Lectionary for Masses with Children

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The Lectionary for Masses with Children (LMC) adapts the Roman Lectionary for Mass (1981) to the needs and capacities of pre-adolescent children. The aim of the LMC is to nourish the faith of children and lead them to full participation in the worship of the whole assembly. The translation of the scriptures used is the Contemporary English Version (CEV), a translation from the original languages prepared specifically for children by the American Bible Society.

The publication of a LMC follows the recommendation of the Directory for Masses with Children published by the Congregation for Divine Worship (no. 43) and approved by Pope Paul VI in 1973. The National Conference of Catholic Bishops of the United States approved the Lectionary for Masses with Children in November 1991 and the Apostolic See granted permission for an experimental use of the lectionary in 1992. The LMC is best understood within the broader context of the Directory, the General Instruction of the Roman Missal, and the Introduction to the Lectionary for Mass.

Principles and Directives. Part One of the Introduction of the LMC reflects on the importance of the celebration of the word of God for the formation of the community. Part Two provides basic principles for liturgies of the word with children: 1) the Gospel is always read; 2) a liturgical dismissal is used when children occasionally celebrate a separate liturgy of the word; 3) and a homily by the priest or an explanation of the readings by one of the adults is given at Masses with children.

Part Three discusses the purpose and provides foundational principles. This section also underlines some basic principles of liturgical catechesis such as the formative influence of liturgy; the need to involve children in the actions of the liturgy as well as to appeal to the intuitive nature of children through the use of ritual elements and symbols; and the liturgy of the word is ritual prayer and not an instructional session. The final section of part three includes catechetical notes on the relationship of the lectionary to the liturgical year and on the way in which the Church's calendar expresses and shapes Christian identity.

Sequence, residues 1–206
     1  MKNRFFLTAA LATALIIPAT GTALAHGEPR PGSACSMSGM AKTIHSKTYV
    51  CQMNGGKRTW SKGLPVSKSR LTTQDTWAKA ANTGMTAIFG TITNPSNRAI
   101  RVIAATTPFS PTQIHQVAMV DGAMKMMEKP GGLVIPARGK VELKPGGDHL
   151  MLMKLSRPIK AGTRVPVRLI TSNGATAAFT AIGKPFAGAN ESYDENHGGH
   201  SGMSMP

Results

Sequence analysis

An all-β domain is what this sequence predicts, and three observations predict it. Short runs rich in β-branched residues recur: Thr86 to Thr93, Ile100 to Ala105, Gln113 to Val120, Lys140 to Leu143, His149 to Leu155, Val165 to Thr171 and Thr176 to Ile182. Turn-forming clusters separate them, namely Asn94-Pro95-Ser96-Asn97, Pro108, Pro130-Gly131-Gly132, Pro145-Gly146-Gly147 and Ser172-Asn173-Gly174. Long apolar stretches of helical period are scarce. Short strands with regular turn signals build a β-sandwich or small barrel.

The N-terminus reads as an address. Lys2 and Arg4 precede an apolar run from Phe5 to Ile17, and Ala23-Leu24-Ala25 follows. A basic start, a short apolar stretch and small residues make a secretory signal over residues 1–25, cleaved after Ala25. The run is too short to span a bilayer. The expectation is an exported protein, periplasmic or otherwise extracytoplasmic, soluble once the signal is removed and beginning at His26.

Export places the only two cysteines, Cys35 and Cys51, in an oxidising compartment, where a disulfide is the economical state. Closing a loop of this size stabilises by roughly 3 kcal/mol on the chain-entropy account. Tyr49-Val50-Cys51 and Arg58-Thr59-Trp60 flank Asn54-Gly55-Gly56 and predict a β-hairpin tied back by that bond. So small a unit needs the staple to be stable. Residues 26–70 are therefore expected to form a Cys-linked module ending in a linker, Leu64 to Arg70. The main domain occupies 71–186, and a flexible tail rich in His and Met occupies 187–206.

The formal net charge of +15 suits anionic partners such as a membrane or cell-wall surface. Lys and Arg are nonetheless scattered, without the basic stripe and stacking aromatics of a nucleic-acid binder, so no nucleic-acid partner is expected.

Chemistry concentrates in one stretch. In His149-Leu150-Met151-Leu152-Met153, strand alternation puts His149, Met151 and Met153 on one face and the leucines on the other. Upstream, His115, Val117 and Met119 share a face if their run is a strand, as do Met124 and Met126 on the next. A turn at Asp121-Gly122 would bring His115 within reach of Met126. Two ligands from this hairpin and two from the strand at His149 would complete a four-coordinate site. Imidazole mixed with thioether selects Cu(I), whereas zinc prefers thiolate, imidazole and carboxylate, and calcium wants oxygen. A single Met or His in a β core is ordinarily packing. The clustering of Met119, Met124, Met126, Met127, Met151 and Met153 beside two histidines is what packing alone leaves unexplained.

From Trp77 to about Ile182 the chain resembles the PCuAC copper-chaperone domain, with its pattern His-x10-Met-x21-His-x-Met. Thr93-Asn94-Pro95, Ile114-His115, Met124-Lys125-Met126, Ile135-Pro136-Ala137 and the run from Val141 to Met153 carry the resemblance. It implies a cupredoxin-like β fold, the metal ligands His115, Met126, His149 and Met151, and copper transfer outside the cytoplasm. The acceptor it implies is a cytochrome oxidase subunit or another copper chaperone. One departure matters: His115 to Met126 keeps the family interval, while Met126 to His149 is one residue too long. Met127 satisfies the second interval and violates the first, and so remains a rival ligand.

Part Four treats "Particular Issues" connected with the liturgy of the word celebrated with children. It examines the place of celebration, objects used in celebration, the importance of the use of music, and the need to preserve the common format of the full assembly in the liturgies for children.

The LMC may be used at Sunday Masses when there are large numbers of children present along with adults (although proper balance and consideration for the entire assembly requires that LMC should not be used exclusively or even preferentially), at a separate liturgy of the word with children, or at other liturgical celebrations within the context of the liturgical year. On Christmas Day, Epiphany, Sundays of Lent, Easter Sunday, Ascension, and Pentecost, the universal lectionary takes precedence. The readings from the children's lectionary may be used only when the celebration of the liturgy of the word for the children is held in a place apart from the main assembly.

The Content of the Lectionary. The LMC follows the content and arrangement of readings for the three cycles of Sundays, the proper of seasons, solemnities, and feasts of the Lord in the Roman Lectionary. All three readings for Sunday are included when they are suitable for use with children. At least one reading is always given in addition to the Gospel and common texts for sung responsorial psalms are included.

Sets of readings that reflect the liturgical and theological motifs of the major seasons are provided for weekdays of the year (seasons and Ordinary Time). The final section of the lectionary is comprised of Gospel acclamations for weekdays in Ordinary Time, the Proper of the Saints, Common of the Saints, ritual Masses and Masses for special occasions.

Bibliography: c.k. dooley, To Listen and Tell: Introduction to the Lectionary for Masses with Children with Commentary (Washington, DC 1993). p. mazar and r. piercy, A Guide to the Lectionary for Masses with Children (Chicago 1993).

[c. dooley]